“When he hurts you or knocks you down, the thing is, you have to be able to avoid getting hit with that next shot, because that’s the one that is going to put you out,” Cormier said. “The first one is going to hurt, but it’s the next one, the one that you don’t see because you’re a little fuzzy already, that shuts the lights off. Those are the ones you have to be very careful of.
“Even Alexander Gustafsson, Alexander Gustafsson got hit with a big shot, but it was the one that came afterward that actually finished him off. Phil Davis got hit with a lot of big shots, but he always rolled away or was very careful and was paying attention to not let him get him with two or three in a row.”
Johnson shrugs off his ability to carry his power with him as one of those things. But even for a guy who hits as hard as he does, Johnson knows there are limits.
He’s big enough, athletic enough and powerful enough to be a factor in the UFC’s heavyweight division.
He proved that when he defeated Andrei Arlovski in a bout in the World Series of Fighting. Should he lose to Cormier a second time, his path to a world championship at 205 pounds would be all but blocked.
There are highly interesting fights for him at heavyweight, but Johnson admits it’s too much for him. He’s sparred with Francis Ngannou, a heavyweight prospect who has star written all over him.
Pressed if he’d fight either Ngannou or Derrick Lewis at heavyweight, Johnson said, “Never. Never. Never.”
He got a chance to taste Ngannou’s punching power and even with the big sparring gloves, he felt how hard Ngannou could hit.
“I’m a big fan of Derrick’s; I’m a big fan of Francis,” Johnson said. “They’re just exciting fighters. I actually sparred with Francis before. It was interesting. I hit him and he hit me back and when he hit me, he caught me square in my big nose. And it was one of those that made me say, ‘Oh [expletive].’ I didn’t get wobbled or anything, but I felt the power.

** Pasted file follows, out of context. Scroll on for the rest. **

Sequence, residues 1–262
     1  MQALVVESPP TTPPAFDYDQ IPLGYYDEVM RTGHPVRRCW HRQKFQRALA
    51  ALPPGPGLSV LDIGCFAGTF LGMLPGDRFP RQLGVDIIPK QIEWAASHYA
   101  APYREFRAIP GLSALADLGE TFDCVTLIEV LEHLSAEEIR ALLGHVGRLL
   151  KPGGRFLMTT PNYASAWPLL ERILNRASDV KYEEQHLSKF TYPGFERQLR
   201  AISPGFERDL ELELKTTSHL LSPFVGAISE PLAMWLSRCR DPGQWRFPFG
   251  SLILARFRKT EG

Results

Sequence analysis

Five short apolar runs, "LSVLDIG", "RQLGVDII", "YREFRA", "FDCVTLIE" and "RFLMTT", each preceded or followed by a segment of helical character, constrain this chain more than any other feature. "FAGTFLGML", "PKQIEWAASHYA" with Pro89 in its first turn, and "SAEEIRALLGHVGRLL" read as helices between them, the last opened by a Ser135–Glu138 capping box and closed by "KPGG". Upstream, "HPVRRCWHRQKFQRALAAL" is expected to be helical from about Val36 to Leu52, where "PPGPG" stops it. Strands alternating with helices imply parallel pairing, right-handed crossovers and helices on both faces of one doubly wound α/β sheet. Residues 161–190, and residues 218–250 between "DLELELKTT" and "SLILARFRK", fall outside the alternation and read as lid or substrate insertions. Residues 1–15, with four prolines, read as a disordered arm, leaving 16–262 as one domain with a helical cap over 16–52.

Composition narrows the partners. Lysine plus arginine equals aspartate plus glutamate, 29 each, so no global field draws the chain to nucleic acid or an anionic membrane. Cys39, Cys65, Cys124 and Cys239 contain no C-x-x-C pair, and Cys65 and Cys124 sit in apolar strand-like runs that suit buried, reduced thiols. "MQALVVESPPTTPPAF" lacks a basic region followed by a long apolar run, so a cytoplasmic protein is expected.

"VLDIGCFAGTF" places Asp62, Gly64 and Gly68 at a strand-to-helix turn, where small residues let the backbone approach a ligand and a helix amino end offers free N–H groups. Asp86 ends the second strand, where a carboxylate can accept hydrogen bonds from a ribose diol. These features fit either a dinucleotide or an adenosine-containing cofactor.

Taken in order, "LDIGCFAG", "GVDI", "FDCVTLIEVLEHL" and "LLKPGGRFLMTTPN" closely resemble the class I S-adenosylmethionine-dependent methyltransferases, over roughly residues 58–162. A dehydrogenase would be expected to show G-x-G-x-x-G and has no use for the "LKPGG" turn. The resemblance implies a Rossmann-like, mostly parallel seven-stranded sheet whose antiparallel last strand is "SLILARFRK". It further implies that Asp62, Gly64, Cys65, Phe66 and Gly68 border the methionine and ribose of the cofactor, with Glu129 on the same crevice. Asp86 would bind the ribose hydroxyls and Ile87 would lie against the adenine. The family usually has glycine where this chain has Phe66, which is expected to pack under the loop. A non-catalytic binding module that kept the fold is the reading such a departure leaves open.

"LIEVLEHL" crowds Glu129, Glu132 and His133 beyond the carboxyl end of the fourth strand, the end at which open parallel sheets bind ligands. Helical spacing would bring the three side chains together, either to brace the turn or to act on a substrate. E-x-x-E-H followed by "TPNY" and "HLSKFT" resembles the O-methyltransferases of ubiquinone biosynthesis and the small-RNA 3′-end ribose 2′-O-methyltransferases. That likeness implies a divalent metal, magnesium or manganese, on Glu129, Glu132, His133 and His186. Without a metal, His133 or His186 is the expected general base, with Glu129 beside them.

“We had those big boxing gloves on and we were swinging crazy and we were hitting each other pretty damn hard. Lord only knows what it must feel like to get hit by that guy with just MMA gloves on. No thank you. The guy has serious, crazy power.”
Johnson, though, does too. He’s skilled in all areas of the sport, but there is not much of a likelihood that he’ll out-grapple Cormier, a two-time Olympic wrestler.
Much like Hall of Famer Chuck Liddell, Johnson will need to use his wrestling defensively, to remain on his feet and allow him to use his power.
And though Cormier survived the Johnson onslaught after being dropped in the first round at UFC 187, Cormier knows enough to know he doesn’t want to go through that again.
“All these guys he’s knocked out, I’m the one who stood up to it,” Cormier said. “And not only did I stand up to his punches, he kicked me in the head three or four times. I stood up to those and I still went at him and imposed my will on him.
“And look, no one wants to go through that and let a guy kick and punch him in the head, least of all a guy like Anthony. They say you have a button on that chin, and you can only push the button so many times before all of a sudden, you don’t have to press it very hard. … You’ve seen guys who have had incredible, unbelievable chins. Dan Henderson, you could hit him with anything and he’d keep coming, but eventually, you saw that change. I know that. I have to work on my defensive skills and make sure I don’t take that much damage, because we know what he can do when he catches you.”